Implicit grant in OAuth 2.0

Implicit grant in OAuth 2.0 is an approach to get access tokens for public clients from an authentication server. Although, It doesn’t support refreshing issued tokens but it’s a quick way to get one when developing a JavaScript based application. A very interesting point in implicit grant type is the fact that tokens are issued for one specific redirection URI. This means if the authentication server (Auth server) grants a token, it’ll be passed to redirection URI as a query string parameter, crazy right! so I’ve used it in a project recently and learned a lot of cool stuffs which I’m gonna break it down for you here.

So the process of implicit grant starts with

  1. Setting up OAuth 2.0 client in authentication server.
  • Remember to check implicit flow in your OAuth 2.0 client.
  • Redirect URI is where you want the token to be sent.
  • ClientID is reserved for your app so name it accordingly.

2. Write a bit of code to send the token request to the Auth server.  I’m using TypeScript so my code would like this.

public Authenticationrequest() {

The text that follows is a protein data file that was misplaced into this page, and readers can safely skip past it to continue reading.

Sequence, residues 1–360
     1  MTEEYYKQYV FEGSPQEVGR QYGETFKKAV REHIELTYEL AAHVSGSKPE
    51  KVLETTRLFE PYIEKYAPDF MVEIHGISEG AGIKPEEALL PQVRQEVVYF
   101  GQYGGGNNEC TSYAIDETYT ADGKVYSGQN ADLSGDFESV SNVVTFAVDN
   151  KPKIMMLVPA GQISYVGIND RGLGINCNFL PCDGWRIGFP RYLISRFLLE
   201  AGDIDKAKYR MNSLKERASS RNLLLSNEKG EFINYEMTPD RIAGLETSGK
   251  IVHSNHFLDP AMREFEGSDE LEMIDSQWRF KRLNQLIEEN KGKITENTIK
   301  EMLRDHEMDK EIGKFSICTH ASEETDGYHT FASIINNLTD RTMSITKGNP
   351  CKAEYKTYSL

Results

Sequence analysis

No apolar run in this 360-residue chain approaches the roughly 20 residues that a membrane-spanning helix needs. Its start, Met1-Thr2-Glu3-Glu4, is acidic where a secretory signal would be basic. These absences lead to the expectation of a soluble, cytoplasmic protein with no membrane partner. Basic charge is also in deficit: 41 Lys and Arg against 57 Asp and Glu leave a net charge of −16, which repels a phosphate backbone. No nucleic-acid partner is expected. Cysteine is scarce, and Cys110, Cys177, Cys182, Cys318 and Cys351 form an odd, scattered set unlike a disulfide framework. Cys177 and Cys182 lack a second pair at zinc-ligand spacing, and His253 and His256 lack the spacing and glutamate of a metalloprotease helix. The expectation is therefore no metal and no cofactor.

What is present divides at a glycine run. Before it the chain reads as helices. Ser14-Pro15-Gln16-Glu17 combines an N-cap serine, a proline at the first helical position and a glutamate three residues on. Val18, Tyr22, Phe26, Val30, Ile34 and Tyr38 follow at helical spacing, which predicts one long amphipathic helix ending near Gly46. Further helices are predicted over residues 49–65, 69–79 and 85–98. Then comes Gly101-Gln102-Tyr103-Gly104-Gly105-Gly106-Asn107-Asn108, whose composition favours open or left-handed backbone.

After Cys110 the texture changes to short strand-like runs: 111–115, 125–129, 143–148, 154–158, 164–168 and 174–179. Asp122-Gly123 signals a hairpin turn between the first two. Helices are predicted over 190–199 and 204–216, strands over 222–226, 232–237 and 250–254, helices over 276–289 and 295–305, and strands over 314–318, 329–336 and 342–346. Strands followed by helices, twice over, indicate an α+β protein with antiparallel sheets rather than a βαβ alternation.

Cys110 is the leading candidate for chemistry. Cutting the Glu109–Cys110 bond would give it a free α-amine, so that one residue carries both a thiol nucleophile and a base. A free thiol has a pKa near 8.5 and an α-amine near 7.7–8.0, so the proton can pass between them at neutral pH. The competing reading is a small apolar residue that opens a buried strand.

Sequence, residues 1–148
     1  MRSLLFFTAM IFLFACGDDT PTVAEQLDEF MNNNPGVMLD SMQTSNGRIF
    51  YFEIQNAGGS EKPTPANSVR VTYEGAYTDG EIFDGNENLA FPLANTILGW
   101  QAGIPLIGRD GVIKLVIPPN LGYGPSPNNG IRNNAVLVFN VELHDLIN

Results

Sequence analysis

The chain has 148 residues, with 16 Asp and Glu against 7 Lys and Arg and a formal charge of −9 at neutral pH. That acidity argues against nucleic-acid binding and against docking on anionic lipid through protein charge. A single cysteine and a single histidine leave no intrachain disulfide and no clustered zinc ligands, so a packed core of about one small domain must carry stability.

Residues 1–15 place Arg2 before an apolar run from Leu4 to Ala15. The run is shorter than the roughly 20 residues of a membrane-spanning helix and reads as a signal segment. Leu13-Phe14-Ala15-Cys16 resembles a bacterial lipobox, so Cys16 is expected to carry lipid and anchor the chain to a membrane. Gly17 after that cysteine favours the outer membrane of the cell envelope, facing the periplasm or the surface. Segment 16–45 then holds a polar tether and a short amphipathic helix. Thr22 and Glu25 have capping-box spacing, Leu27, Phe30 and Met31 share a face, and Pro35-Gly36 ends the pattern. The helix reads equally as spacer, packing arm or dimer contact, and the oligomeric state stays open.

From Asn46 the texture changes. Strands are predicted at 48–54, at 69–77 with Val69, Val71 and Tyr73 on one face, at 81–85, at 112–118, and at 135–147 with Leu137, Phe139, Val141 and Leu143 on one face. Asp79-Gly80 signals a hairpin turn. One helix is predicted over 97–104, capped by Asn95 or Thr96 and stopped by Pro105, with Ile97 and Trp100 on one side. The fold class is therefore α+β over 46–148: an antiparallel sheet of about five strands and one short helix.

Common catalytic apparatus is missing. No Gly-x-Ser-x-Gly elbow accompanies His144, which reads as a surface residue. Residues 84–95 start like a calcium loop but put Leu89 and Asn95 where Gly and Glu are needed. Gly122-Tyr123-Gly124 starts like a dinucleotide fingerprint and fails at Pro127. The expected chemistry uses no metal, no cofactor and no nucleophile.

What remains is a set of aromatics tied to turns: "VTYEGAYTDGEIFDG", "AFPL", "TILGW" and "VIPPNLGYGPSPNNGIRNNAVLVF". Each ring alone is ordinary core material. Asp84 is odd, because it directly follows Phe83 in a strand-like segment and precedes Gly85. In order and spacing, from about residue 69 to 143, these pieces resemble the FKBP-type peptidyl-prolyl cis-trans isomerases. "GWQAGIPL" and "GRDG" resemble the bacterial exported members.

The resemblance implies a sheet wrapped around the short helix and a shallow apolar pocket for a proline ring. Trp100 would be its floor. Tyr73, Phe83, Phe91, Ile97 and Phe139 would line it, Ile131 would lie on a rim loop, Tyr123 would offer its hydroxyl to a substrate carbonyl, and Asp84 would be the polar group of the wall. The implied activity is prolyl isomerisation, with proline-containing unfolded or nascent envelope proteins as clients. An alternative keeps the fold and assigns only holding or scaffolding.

var client_id = "YOUR-CLIENT-ID"; 
var scope = "OPTIONAL"; 
var redirect_uri = "YOUR_REDIRECT_URI"; 
var response_type = "token"; 
var authserver = "YOUR-AUTH-SERVER-URL?"; 
var state = "OPTIONAL"; 
var AuthenticationURL = authserver + "response_type=" + response_type + "&scope=" + scope + "&client_id=" + client_id + "&state=" + state + "&redirect_uri=" + redirect_uri; 
return AuthenticationURL; 



It is important to note that Auth server only processes https requests by nature so your redirect URI address needs to be https secure protocol. Because the Auth server and your redirect URI not on the same level if you want to preserve a variable before sending the Auth request, state comes in handy. Put your variables in state so that it will be returned to return URI address and you can process it then.

  1. Auth request being sent to Auth server from the same domain that redirect URI is, the Auth server checks clientID and if every things checks out, it’ll grant a token.
  2. The response is sent to redirect URI address in a form of couple of parameters. Matter of fact, as soon as return URI page is called, you need to get the full address (which includes token, state, expiry time and bunch of other stuffs) and parse the it to take the parameters out.

Photo source:

Ramin Ahmadi
I am a full-stack front end developer with over 5 years experience in web design and development. I have worked with a wide variety of environments and languages including Angular, TypeScript, NodeJS, Restful API, Microservices, Atomic design, JQuery, Material design, Progressive Web Apps, DevOps, and many Azure tools. I make it a goal to automate myself out of routine tasks in my daily work. My motto is, ‘write human readable code, lean and clean’.

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Implicit grant in OAuth 2.0

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